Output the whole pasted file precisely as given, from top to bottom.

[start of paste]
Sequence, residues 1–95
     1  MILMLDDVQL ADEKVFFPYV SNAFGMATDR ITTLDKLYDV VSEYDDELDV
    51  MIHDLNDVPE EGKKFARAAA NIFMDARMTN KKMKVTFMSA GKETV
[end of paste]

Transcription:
Sequence, residues 1–95
     1  MILMLDDVQL ADEKVFFPYV SNAFGMATDR ITTLDKLYDV VSEYDDELDV
    51  MIHDLNDVPE EGKKFARAAA NIFMDARMTN KKMKVTFMSA GKETV